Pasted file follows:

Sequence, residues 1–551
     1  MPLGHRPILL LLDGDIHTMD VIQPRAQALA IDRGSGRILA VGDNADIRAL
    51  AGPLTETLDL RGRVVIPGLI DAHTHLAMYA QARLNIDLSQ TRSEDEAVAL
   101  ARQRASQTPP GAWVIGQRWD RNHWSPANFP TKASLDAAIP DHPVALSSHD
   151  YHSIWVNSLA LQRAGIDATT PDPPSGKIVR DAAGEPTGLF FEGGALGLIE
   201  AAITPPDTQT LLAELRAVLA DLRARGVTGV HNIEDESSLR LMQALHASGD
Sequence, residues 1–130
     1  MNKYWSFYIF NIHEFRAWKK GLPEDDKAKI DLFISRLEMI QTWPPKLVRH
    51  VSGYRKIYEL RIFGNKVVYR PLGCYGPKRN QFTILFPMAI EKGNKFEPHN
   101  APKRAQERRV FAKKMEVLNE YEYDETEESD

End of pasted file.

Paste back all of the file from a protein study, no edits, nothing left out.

Sequence, residues 1–551
     1  MPLGHRPILL LLDGDIHTMD VIQPRAQALA IDRGSGRILA VGDNADIRAL
    51  AGPLTETLDL RGRVVIPGLI DAHTHLAMYA QARLNIDLSQ TRSEDEAVAL
   101  ARQRASQTPP GAWVIGQRWD RNHWSPANFP TKASLDAAIP DHPVALSSHD
   151  YHSIWVNSLA LQRAGIDATT PDPPSGKIVR DAAGEPTGLF FEGGALGLIE
   201  AAITPPDTQT LLAELRAVLA DLRARGVTGV HNIEDESSLR LMQALHASGD
Sequence, residues 1–130
     1  MNKYWSFYIF NIHEFRAWKK GLPEDDKAKI DLFISRLEMI QTWPPKLVRH
    51  VSGYRKIYEL RIFGNKVVYR PLGCYGPKRN QFTILFPMAI EKGNKFEPHN
   101  APKRAQERRV FAKKMEVLNE YEYDETEESD